Epalzeorhynchus bicolor

Formerly Labio Bicolor

 

Overview:

    Not really a “shark” But with the shape of the dorsal fin the name became obvious. The striking color contrasts makes this one of the most sought after fish. Aggressive to one another they should not be kept in groups.

 

Quick stats:

Listed tank sizes are the minimum
Size: Up to 6″ (15cm)
Tank: 36 inches
Strata: Bottom-middle
PH: 6.0 to 7.5
Hardness: Soft to medium. dH range: 5-18
Temperature: 73°F to 84°F (23-29°C)

Classification

Order: Cypriniformes
Suborder: Cyprinoidei
Family: Cyprinidae
Genera: Epalzeorhynchus

Common name

 

    Red tailed Black shark

Distribution

    In the streams of Thailand.

General Body Form

    1. A large Dorsal fin, usually held upright with its outer back edge concave. Belly profile slightly curved and the back is very

convex

    . Down-facing mouth, with two set of barbels. The body id slightly compressed and long. They can reach a length of about five inches, with the females larger than the males.

Coloration

    A Reddish-Orange to Red Caudal fin with the Pectoral fins being the same or sometimes dark. If the fish is in good condition the rest of the body, including the rest of the fins is Velvet or jet Black. There are some color variations but the one described is the one most commonly seen. Specimens that are in poor health or not kept in the proper conditions will appear pale and washed out.

 

Maintenance

    1. A fish that can be kept easily in the home aquarium for many years. Their water temperature should be kept between 75 and 80 degrees F. The water hardness should be on the soft side and not contain too many dissolved salts. They also benefit from frequent water changes. A larger aquarium is best to house these fish as if you are going to keep more than one as pecking order will be established, with one fish controlling the whole group. You will be able to identify the leader by its intense coloration. Hiding places must be provided. The tank should not be lit to bright as the fish are shy. Decorations should include driftwood and live plants, for more information go to the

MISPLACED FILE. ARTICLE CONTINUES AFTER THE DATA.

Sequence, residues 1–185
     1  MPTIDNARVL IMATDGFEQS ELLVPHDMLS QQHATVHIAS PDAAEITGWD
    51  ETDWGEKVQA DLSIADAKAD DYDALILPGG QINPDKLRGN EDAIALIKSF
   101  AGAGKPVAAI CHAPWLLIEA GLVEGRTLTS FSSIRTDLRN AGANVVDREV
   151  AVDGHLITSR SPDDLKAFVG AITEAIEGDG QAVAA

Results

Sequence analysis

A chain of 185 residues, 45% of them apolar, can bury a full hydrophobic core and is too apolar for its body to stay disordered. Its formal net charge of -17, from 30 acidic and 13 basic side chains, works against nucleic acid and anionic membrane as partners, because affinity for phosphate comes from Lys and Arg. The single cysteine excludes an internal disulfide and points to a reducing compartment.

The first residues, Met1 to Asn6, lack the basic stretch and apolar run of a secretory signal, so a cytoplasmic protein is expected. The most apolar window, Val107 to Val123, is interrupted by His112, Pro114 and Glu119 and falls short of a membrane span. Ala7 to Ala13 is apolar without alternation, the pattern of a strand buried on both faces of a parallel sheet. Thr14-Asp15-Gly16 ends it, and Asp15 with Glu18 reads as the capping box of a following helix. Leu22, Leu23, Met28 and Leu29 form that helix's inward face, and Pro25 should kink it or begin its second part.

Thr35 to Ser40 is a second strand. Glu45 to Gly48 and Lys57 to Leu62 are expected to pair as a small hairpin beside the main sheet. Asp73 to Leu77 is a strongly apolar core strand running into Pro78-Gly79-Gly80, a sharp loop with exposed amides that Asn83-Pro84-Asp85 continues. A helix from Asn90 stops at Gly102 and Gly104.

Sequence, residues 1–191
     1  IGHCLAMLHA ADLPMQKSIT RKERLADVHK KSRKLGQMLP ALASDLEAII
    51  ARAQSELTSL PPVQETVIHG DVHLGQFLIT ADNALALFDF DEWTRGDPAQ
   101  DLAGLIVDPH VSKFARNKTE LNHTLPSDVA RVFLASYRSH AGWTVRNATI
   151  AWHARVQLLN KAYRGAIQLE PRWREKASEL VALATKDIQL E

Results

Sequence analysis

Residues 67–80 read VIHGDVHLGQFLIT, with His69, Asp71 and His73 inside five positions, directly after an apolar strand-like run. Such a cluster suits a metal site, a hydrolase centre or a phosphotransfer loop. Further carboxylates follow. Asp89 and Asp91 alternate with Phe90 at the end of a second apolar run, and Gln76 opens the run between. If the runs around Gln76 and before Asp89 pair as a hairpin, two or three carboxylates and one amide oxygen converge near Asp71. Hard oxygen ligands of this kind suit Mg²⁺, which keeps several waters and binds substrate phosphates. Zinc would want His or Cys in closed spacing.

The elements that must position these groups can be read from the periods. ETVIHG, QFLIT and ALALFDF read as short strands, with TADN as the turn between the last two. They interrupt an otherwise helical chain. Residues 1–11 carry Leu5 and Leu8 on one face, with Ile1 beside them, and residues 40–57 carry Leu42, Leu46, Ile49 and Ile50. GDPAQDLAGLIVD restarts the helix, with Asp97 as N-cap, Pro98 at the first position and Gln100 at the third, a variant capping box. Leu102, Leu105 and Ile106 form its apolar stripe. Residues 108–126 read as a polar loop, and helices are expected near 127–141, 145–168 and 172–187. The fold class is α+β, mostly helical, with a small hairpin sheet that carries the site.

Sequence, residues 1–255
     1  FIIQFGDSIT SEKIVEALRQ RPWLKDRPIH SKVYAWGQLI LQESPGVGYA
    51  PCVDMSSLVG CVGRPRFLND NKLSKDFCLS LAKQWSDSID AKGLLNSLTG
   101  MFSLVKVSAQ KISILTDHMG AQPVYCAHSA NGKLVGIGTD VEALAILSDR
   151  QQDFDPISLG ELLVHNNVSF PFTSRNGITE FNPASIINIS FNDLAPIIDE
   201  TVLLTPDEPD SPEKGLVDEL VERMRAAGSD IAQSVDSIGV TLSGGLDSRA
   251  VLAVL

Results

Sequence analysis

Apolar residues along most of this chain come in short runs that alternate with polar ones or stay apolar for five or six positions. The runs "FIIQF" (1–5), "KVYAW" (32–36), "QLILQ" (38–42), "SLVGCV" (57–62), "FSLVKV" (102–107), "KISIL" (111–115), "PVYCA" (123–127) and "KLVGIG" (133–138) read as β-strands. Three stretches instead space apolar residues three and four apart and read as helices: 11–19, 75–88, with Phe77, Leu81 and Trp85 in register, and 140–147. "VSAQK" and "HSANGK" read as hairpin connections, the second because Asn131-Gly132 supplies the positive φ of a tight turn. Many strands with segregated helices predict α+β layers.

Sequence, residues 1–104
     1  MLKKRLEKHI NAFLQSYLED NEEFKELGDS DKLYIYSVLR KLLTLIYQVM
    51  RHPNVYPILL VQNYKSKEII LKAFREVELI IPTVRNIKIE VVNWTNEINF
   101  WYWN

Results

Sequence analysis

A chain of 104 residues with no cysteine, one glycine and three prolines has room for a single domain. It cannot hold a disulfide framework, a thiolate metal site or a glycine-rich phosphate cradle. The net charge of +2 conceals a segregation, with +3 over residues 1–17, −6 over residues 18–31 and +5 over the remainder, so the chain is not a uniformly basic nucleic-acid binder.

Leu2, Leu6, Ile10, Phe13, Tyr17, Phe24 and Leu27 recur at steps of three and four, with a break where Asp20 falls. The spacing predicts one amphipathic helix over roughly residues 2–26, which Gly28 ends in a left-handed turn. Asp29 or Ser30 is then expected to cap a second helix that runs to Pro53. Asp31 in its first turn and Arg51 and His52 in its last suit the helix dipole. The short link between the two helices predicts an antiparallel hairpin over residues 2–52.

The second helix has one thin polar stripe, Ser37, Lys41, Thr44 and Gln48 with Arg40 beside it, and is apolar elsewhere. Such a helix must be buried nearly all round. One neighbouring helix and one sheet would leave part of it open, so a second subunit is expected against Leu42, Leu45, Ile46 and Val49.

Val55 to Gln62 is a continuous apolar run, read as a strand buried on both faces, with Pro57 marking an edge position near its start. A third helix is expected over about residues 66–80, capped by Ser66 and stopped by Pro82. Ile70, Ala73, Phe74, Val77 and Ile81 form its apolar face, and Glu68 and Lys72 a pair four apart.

Biotope

     page on details on how to set up an Asian water tank. Diet should be balanced with a good flake food, occasional live food and supplemented with some vegetable matter. All in all Epalzeorhynchus Bicolor is a fine and colorful addition to any aquarium.

Biotope:Clear and muddy waterways littered with wood and stones

Breeding

    Reports of hobbyist breeding Epalzeorhynchus Bicolor are very rare. What I have found is that a large well planted tank with a ratio of more females to males is needed. The females are more robust and rounded than the males. A spawning tube will appear weeks before spawning and the male fertilizes the eggs in jerky thrusting motions as the eggs are scattered. It is said that the eggs hatch in a couple of days and the fry are easy to raise. Most breeding is done in open ponds in their native Thailand and exported around the world.

 

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